Panelists to discuss Professor Omaswa’s presentation were Professor Elsie Kiguli-Malwadde, ACHEST; Professor Jehu Iputo (Busitema University); Professor Joel Okullo (Uganda Medical and Dental Practitioners Council, Professor Sarah Kiguli (HEPI/MakCHS) and Representative from National Council for Higher Education. A key issue raised from the panel discussion was the need for a link between stakeholders in the HPE sector and a call for education institutions to plan their teaching programmes in response to the health sector.

In his keynote speech titled “Health Professions Education (HPE) in Uganda, past present and future”, Professor Nelson Sewankambo noted that the current curriculum is old & doesn't reflect health & disease prevention adding that we need to strike a balance between curative, health services & disease prevention. Prof. Sewankambo urged lecturers and staff in health institutions to help the young generation, students in particular, “let’s take the young people by hand to strengthen the future generation, we are not doing what we are supposed to do”, he added. Professor Sewankambo also called for closer working relationships between teaching hospitals and health profession training institutions and echoed Professor Omaswa’s call that staff stop lamenting and get to work.

Panelists to discuss Professor Sewankambo’s presentation were Professor Josephine Nambooze, the first female doctor trained at Makerere University; Dr. Safina Musene, Ministry of Education and Sports; Professor Pius Okongo, Health Service Commission and Ms. Elizabeth Ekong Namukombe, Uganda Nurses and Midwives Council. Key issues raised from the panel discussion was a call for research to inform planning for health institutions; revision of establishments at health institutions and job evaluation to reflect current developments; and partnerships between institutions rather than competition.

A wrap-up and way forward from the meeting was presented by Professor Rhoda Wanyenze, Dean – School of Public Health. Professor Wanyenze advised that competencies for health professionals need a critical revision calling for skills aligned to current environment for the products from health training institutions. “When we train people are who are knowledgeable with a lot of theory it’s only as good as having critics, however we need to train skilled people in the health sector”, she added. She highlighted the following issues for consideration as next steps:

  1. Need for a national Strategy and Plan: Informed by the National Health Policy and Plan as well as emerging issues in health e.g. move towards healthier societies, revitalizing Primary Health Care to drive UHC and comprehensively address health determinants.
    1. Address the numbers, cadre mix and quality with attention to current gaps in development of some professions e.g. nursing, dental, pharmacy, among others
    2. Network with relevant bodies to address the issues within the Qualifications Framework and MOH HRH Plan
    3. Integrate linkages between Health, Education and other relevant sectors in line with the NDP move towards multi-sectoral collaboration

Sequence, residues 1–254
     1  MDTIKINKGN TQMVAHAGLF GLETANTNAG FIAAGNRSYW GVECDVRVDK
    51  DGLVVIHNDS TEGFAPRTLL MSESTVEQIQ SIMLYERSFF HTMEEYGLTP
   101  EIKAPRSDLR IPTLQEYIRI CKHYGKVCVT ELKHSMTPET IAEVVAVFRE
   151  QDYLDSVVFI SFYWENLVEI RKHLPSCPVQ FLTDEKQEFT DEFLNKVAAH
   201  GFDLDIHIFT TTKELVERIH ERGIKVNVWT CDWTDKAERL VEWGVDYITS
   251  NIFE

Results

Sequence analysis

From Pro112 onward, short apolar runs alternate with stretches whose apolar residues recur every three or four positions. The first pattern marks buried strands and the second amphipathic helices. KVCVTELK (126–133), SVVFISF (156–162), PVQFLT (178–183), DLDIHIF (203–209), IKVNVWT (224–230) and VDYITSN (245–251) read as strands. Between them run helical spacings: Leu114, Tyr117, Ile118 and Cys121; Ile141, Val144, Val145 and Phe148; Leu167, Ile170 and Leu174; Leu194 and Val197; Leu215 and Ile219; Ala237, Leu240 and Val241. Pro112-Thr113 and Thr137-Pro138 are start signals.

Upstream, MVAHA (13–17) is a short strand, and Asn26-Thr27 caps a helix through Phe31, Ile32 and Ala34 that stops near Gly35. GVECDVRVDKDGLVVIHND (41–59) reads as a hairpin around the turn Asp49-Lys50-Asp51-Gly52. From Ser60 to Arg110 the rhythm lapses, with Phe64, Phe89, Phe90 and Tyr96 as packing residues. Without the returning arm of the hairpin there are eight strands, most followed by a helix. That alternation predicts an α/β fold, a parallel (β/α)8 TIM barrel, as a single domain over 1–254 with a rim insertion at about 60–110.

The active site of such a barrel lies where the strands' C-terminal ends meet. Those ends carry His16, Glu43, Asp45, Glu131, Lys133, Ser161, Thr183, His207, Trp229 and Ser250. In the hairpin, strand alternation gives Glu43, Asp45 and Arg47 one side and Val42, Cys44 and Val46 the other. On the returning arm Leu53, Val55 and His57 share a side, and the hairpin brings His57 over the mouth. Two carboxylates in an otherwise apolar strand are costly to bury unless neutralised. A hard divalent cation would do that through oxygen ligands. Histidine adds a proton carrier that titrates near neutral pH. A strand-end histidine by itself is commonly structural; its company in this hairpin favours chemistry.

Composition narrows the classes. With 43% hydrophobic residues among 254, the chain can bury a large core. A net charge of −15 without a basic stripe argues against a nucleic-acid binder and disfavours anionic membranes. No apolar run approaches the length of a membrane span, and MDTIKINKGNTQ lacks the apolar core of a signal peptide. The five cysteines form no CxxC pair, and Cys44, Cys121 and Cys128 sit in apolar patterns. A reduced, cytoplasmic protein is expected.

2. Strengthen Health Training Institutions
    1. Teaching infrastructure including space, laboratories, simulation and community labs (need collaborations with communities and other organizations for student hands-on learning), and to streamline agreements between teaching institutions and teaching hospitals.
    2. Curriculum aligned to competencies—streamline issues of standardization of curricular within the country and the EAC region, and move beyond knowledge and skills to professionalism and transformative leadership in competences, and integrate the critical components of health promotion and prevention
    3. Trainers: Numbers, mix of disciplines and expertise and quality: Comprehensive training and capabilities in teaching, research and community service as well as leadership and governance; need Education Units to support trainers and Research Units to support research management
    4. Explore inter-sectoral/Interdisciplinary programs—break the silos to appropriately prepare the trainees to work across disciplines and sectors.
    5. Governance and Systems Leadership: Functional, effective and efficient systems with relevant networks for health professional training
    6. Teaching institutions systems for appointments and promotion need a review of the definition of scholarship—beyond PhDs and publications to critical grounding in disciplines, professionalism and leadership in the field
    7. Collaborate with relevant structures within Health, Education and Finance to address the issue of scholarships for graduate students
  3. Collaboration and networks across universities (south-to-south, within and across countries, north-south), with training hospitals and communities
  4. Financing: Review and streamline models and level of financing for health training institutions and related regulatory structures such as the Professional Councils
    1. Joint training, research and service collaborations
    2. VC, Deans Forums across universities for experience sharing and joint learning
  5. Health professionals Forum: Annual meeting to share experiences and learnings, and joint planning as well as engagement and negotiations to improve health professions education in Uganda
  6. Standards, Quality Assurance and Regulation: Adequately resources and effective regulatory structures and systems—address issues of curricular and examinations standardization and implementation
  7. Research: Modeling of health workforce needs to inform planning and a review of the state of health in Uganda
  8. Arrange a follow-up stakeholder meeting to synthesize and follow-up on the actions